I have learned a lot about myself as a writer this summer. While I won’t delve into that too much I’d like to recap my top five posts ICYMI.

  1. Day 14 – Letting Go I wrote about my daughter’s daring summer adventureswpid-img_0301.png
  2. Day 20 – Ten ideas for stories exactly what the title suggests
  3. Day 28 – Namaste was about my path to yoga and what makes it right for me
  4. Day 29 – The end of an era was about the new subdivision being built behind my home
  5. Day 42 – BBQ Meatballs is a family favourite recipe

Each of these have been viewed by over a hundred different readers, so clearly these have proven to be the most interesting posts. Even though each post is dramatically different from the others, they have one thing in common. None of them are about my day, nor are they poetry. Those type of posts got the least traffic. I enjoy writing poetry and will keep doing so. In fact, if you didn’t see my blackout poetry, check it out. I really had fun with it and can’t wait to try it with my students. I always felt like writing about my day was  a bit narcissistic and definitely a cop-out when I wasn’t sure what else to write about, especially when the day wasn’t anything out of the ordinary.

Now that my 61 days are over, I plan to continue blogging from time-to-time. Now that the summer is over, I’m looking forward to going back to work. I might as well look forward to it and go in with a positive outlook because it’s going to happen either way. It’ll certainly make it more enjoyable.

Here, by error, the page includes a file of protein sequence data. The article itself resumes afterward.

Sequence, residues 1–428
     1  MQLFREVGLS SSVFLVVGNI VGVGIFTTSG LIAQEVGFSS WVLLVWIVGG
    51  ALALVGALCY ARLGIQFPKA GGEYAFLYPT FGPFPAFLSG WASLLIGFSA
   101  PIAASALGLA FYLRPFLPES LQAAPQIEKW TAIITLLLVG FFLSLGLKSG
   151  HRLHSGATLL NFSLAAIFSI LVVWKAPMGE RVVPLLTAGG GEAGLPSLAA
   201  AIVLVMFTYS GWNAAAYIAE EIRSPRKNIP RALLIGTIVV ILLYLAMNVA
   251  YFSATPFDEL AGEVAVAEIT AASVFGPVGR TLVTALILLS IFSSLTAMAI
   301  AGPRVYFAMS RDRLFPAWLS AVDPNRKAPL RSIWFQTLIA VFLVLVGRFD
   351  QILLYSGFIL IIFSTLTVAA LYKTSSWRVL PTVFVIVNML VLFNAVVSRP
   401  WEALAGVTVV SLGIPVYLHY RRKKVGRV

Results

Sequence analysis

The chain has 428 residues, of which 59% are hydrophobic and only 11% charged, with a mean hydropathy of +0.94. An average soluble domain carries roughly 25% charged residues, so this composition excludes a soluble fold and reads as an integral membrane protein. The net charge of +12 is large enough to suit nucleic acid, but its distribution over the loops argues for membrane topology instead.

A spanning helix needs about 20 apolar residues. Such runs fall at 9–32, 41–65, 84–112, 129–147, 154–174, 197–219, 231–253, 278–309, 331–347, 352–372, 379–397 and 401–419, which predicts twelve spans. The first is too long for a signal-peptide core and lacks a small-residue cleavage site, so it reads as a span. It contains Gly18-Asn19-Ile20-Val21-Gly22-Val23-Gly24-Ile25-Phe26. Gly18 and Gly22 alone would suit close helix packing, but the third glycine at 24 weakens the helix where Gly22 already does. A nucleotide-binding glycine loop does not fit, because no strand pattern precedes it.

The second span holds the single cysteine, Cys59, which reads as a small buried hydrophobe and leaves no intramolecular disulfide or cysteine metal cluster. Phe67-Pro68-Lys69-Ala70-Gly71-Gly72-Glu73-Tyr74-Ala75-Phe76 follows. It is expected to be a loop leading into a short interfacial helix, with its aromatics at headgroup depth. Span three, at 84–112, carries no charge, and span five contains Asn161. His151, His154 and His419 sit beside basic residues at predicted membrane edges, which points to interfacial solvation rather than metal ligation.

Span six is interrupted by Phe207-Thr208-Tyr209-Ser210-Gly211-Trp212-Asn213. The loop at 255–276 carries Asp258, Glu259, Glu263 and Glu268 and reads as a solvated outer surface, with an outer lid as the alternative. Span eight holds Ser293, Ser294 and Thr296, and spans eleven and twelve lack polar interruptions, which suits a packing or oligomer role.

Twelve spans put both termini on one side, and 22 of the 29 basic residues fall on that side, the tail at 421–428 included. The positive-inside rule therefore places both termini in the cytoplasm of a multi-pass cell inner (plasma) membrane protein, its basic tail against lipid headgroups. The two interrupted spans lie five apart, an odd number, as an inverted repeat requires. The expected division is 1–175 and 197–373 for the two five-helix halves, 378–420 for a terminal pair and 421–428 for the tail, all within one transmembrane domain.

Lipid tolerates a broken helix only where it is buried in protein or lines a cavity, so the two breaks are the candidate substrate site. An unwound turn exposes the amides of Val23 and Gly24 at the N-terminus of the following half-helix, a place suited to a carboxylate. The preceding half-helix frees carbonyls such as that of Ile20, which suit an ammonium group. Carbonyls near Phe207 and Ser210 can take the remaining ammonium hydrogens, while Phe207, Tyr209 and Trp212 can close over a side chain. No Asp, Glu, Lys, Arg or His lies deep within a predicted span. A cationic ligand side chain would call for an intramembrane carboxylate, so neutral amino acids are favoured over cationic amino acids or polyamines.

And thus, without a wing,
or service of a keel,
Our summer made her light escape,
Into the beautiful.
                       ~ Emily Dickinson

Day 28 – Namaste

22 Jul

I’ve been doing three things regularly this summer: reading, writing and yoga. Because I’ve committed to posting to my blog every day, that always gets done, but the very best days are when I do all three! Unless I have early appointments that disrupt the flow of my day, I follow this routine: rise early, have coffee with Glenn before he leaves for work, yoga, Teachers Write writing and breakfast, then shower. After that, usually about 10:30-11:00, I’m ready for the rest of my day.

swan poseI started doing yoga at the gym three or four years ago. I love the experience of exercise classes. I like working out with an instructor and with others, to music. I started with flow type classes, basically a fast paced mix of yoga, pilates and tai chi. Because this class was only offered a couple of times a week, I branched out and tried other things, including yoga.